Thank you, Chairwoman Stevens, for holding today’s hearing, our first for this subcommittee in the 117thCongress. I’d also like to thank Dr. Panchanathan and Dr. Ochoa for taking the time to participate. I’m looking forward to hearing your testimony and thoughts on where the future of the National Science Foundation is headed.
Since its creation in 1950, the National Science Foundation (NSF) has served a unique role among Federal agencies, given its broad mission of “promoting the progress of science, to advance the national health, prosperity, and welfare, and to secure the national defense.” In bringing this mission to life, the NSF supports the basic research that fuels major technological innovations, including smartphones, GPS, and the internet, creates new research disciplines, and supports and trains generations of scientists and engineers
Investments in science and technology drive economic growth – numerous studies have concluded that as much as 85 percent of the long-term growth in America’s economy is attributed to advancements in science and technology. For decades, America has led the world in science and technology innovation, but as the pace of innovation is accelerating, global competition has also increased, and the United States is losing its edge. The Chinese Communist Party (CCP) poses an especially formidable and growing strategic challenge.
Today, the United States is at an inflection point and it is critical for the U.S. to make strategic investments to build up our R&D enterprise. There is momentum on both sides of the aisle to make these investments, but it must be done in a realistic and sustained way.
I am proud to be an original co-sponsor of the “NSF For the Future Act,” with Chairwoman Johnson, Ranking Member Lucas and Chairwoman Stevens. This bill increases funding for fundamental research and improves STEM education and research training. It creates a new directorate to move the Foundation forward, enabling the NSF to explore new approaches to accelerating science and technology into solutions to major challenges. Most importantly, it does not detract from the agency’s core mission of advancing basic scientific knowledge.
While making these investments, we must also secure taxpayer-funded research and technologies from adversaries like the Chinese Communist Party (CCP). While the “NSF For the Future Act” includes some provisions to increase research security, I look forward to working with Chairwoman Stevens and Johnson to build upon these provisions to improve best practices and provide tougher safeguards to prevent research theft and foreign influence. Our federal agencies, like the NSF, also need the tools and authority to reject grant applications with known participants in malign foreign talent recruitment programs.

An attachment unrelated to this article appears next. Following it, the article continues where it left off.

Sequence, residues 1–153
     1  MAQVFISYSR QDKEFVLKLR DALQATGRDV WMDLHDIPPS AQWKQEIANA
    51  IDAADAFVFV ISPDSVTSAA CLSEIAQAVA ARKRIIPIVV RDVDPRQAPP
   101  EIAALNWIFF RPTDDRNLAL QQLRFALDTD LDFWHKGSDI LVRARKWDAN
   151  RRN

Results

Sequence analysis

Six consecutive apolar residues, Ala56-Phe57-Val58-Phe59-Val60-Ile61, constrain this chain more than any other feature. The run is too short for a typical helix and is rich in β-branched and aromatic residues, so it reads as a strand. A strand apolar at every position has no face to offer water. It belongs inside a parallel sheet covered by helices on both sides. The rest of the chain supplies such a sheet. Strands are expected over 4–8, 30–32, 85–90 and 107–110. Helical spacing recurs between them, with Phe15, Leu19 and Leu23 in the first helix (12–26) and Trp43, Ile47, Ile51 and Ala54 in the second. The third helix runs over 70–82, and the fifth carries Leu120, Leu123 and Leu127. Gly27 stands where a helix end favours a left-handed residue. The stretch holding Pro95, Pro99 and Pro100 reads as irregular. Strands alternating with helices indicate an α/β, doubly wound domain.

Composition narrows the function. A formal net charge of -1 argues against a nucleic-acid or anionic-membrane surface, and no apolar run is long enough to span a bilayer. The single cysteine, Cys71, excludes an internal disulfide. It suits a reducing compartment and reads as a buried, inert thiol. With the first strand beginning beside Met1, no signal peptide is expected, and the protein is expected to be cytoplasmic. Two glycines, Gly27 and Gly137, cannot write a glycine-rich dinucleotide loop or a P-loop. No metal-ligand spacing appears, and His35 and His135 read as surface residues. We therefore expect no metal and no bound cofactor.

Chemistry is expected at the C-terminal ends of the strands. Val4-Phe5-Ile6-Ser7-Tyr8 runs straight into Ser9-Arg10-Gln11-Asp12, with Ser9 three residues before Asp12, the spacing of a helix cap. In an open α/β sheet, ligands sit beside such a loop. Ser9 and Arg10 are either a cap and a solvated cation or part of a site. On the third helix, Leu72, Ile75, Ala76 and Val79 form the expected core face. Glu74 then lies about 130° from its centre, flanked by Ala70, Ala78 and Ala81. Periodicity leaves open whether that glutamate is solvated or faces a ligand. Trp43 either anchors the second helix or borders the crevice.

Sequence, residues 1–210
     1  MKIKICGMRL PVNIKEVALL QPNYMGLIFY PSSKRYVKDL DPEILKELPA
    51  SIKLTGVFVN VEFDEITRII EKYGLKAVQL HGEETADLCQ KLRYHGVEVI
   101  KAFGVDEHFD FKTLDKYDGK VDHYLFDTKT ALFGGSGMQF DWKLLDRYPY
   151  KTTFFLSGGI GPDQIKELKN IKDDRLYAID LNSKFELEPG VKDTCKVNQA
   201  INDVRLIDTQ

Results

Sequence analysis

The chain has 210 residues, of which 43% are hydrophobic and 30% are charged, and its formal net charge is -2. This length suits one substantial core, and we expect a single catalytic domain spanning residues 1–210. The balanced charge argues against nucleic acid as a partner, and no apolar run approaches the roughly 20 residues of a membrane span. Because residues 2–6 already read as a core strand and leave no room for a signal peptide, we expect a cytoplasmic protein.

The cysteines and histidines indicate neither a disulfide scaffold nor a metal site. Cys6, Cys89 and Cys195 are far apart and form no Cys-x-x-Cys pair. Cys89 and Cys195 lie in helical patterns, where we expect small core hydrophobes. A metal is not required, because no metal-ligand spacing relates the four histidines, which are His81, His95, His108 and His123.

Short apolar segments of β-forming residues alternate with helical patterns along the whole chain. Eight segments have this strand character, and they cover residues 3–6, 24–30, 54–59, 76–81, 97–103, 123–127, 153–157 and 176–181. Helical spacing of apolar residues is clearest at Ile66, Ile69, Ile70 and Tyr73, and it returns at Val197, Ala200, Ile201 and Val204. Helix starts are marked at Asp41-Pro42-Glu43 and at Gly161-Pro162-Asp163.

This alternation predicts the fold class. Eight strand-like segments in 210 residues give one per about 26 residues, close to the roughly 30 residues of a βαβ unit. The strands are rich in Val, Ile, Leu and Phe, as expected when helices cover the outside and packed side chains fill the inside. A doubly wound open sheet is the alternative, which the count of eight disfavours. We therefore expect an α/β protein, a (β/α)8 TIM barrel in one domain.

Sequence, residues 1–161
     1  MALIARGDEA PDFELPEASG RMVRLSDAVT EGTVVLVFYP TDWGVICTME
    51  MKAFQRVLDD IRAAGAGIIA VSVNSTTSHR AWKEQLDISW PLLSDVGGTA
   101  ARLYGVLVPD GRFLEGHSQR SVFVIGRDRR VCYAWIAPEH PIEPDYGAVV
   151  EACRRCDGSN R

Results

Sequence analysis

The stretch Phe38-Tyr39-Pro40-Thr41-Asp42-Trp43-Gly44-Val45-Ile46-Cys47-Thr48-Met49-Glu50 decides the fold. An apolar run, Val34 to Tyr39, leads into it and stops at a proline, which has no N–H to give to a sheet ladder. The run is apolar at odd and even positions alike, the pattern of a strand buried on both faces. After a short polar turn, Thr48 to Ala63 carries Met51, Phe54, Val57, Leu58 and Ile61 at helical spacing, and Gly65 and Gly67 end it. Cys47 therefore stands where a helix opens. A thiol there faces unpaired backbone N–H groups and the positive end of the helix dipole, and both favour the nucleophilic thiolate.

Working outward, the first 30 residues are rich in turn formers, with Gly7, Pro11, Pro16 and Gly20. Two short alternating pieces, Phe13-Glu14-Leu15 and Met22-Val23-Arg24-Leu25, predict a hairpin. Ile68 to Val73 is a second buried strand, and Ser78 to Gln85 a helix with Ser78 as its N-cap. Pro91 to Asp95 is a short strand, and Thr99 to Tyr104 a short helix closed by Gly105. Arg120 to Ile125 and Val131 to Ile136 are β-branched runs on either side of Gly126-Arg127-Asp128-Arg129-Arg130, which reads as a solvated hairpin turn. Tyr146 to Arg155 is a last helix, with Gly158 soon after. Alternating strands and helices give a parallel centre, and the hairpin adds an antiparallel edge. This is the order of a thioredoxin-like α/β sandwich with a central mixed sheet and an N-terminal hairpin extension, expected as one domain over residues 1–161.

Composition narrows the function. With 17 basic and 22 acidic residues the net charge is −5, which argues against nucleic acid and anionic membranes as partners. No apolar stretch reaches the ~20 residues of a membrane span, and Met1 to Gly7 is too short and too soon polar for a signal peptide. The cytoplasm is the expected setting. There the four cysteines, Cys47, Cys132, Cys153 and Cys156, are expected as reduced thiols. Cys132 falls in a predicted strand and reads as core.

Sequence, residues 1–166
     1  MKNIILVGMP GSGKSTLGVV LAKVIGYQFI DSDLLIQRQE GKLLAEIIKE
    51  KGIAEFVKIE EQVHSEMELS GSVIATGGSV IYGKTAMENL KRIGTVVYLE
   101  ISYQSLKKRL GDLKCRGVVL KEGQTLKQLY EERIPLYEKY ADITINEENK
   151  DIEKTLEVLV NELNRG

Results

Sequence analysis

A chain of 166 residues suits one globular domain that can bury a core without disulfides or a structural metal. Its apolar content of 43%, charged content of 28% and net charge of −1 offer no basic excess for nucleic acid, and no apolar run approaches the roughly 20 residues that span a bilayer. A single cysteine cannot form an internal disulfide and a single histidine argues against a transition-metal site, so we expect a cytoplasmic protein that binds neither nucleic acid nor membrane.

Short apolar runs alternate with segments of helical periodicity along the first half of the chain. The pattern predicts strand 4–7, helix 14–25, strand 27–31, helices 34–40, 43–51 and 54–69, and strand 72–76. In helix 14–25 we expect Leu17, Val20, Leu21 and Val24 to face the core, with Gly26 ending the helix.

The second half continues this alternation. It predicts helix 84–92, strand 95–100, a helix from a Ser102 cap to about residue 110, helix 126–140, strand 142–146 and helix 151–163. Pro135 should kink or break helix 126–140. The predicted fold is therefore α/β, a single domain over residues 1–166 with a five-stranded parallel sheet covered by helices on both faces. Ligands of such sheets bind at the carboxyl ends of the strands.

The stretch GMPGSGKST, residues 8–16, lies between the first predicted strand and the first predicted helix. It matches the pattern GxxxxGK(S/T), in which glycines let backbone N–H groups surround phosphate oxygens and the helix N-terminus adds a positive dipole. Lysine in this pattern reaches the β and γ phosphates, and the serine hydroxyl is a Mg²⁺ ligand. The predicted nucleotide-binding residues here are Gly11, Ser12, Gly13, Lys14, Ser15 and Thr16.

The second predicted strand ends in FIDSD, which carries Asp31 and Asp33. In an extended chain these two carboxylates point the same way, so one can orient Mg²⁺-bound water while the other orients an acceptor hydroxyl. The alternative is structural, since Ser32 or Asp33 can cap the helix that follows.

In addition to my work on this distinguished committee, I serve on the Armed Services Committee and regularly receive intelligence on the Chinese Communist Party and how they are leapfrogging the United States technologically and militarily by intellectual property theft. We cannot allow the CCP to advance its authoritarianism with American taxpayer-funded research. I am encouraged that Democrats on both committees share these concerns and an interest in addressing undue foreign influence, as illustrated in the April 9 letter from Chairs Johnson, Smith, Stevens and Langevin to President Biden.
I look forward to hearing from our witnesses on how the Foundation is addressing the challenges of research security and how we can build upon Congress’s previous efforts to safeguard America’s intellectual property and confront the CCP’s wholesale theft from our research institutions.
As we make these investments, we should also ensure we avoid duplicating the R&D activities of other Federal agencies. As part of the President’s recent $2.3 trillion infrastructure proposal, more than $200 billion is tagged for research and development-focused activities, without any clear directive for how these funds will be used or coordinated.
The President is messaging this as the way to compete with China, but I would argue that we will not beat China by copying its strategy. Strategic investments in technologies are important but creating a one-time slush fund may do more harm than good. Instead, we should look at proposals like the “Securing American Leadership in Science and Technology Act,” which creates a national S&T strategy and doubles funding for basic research across federal science agencies over ten years.
Or, the “NSF For the Future Act.” While not a whole-of-government approach, this bill has been thoughtfully developed to protect NSF’s core mission and more than doubles the amount of research it will support over 5 years. Both proposals include long-term planning that make investments in the STEM workforce, world-class facilities, and the research needed to develop state-of-the-art technologies. Through these investments, American research, American innovations, and the American workforce will continue to lead the world.
I look forward to working with Chairwoman Johnson, Ranking Member Lucas, and Chairwoman Stevens in moving the “NSF for the Future Act” through the Committee in a bipartisan process and to the House floor for consideration.
In addition, I look forward to working with the leadership of the National Science Foundation and the National Science Board to meet these challenges. Thank you again to Dr. Panchanathan and Dr. Ochoa for your leadership and for participating in this hearing today. I yield back the balance of my time.